<center><iframe width="100%" height="390" src="//www.youtube.com/embed/6dowgUYQecw" frameborder="0" allowfullscreen></iframe></center>Birmingham, May 20: Even the Queen of England could not believe that a floral tribute to the martyrs of World War could be this beautiful and realistic. As she was guided through the real-like trenches and shown the flowery bullets and the guns, she admitted that peace and beauty prevails all. The memories were sombre, but the representation was beautiful.
The sandbags, the floral mud and the metal rats were all replicated from the time of the World War. The inquisitive queen looked through the trench periscope and asked whether everything that was replicated were used in reality.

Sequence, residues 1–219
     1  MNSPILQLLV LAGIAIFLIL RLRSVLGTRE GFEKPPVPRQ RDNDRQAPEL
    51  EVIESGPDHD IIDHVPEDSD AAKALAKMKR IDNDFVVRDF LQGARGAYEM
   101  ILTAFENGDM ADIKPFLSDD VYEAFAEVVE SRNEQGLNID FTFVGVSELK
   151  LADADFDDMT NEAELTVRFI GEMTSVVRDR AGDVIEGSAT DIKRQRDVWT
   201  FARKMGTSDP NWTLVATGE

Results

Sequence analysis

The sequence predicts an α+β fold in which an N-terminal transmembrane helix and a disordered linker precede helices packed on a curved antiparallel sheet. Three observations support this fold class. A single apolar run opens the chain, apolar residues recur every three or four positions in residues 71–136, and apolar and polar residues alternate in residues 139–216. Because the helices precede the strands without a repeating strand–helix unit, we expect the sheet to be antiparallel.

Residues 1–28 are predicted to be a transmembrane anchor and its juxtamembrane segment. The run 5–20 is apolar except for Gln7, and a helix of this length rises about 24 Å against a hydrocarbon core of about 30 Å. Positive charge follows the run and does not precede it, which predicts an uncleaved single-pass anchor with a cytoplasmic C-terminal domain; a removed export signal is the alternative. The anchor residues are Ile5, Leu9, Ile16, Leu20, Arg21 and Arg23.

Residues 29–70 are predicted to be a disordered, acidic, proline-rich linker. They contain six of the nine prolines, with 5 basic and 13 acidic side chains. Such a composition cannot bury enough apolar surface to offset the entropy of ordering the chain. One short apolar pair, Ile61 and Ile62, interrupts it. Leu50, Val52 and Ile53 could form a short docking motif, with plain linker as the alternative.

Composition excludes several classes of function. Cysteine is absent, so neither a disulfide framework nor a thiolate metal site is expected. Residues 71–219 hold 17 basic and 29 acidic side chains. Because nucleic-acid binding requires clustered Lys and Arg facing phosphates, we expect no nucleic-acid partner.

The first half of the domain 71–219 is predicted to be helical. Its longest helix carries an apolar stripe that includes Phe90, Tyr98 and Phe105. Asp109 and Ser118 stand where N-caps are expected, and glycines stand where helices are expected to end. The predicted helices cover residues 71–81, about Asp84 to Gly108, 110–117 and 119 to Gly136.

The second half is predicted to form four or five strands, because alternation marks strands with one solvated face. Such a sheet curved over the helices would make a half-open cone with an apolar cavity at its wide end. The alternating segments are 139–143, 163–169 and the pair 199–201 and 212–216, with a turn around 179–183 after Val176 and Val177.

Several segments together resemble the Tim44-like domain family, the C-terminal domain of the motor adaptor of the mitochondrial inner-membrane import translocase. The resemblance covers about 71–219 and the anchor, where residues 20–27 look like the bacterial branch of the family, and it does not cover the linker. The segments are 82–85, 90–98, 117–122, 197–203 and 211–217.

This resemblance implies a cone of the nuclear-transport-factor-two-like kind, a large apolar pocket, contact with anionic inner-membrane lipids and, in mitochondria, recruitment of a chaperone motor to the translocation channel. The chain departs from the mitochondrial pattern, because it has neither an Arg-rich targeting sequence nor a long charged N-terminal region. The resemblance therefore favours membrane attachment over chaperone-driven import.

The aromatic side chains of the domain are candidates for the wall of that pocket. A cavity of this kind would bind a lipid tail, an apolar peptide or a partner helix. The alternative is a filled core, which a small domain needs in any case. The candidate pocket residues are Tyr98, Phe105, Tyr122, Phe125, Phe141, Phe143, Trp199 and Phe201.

Darren Share, Birmingham's Head of Parks explained that a real trench would have been higher, narrower and full of mud. He also explained how alternanthera plants had been used to replicate mud in the trench.
Some of the other theme-based gardens that the Queen visited were Alan Titchmarsh's Britain in Bloom garden, the Telegraph garden, The Soldiers' Charity No Man's Land Garden. In the latter, celebrities like Rowan Atkinson and others read war poems to commemorate the centenary of the outbreak of the First World War.
One of the soldiers who helped design the garden was Chris Parrott, 25, who was shot in the leg on his first tour of Afghanistan in 2005 and suffered a sharpnel wound to the brain during an ambush in Helmand.
He was medically discharged and now hopes to become a landscape gardener after studying horticulture with the help of ABF. He described the creation of No Man's Land as "an emotional experience". [For more: Read]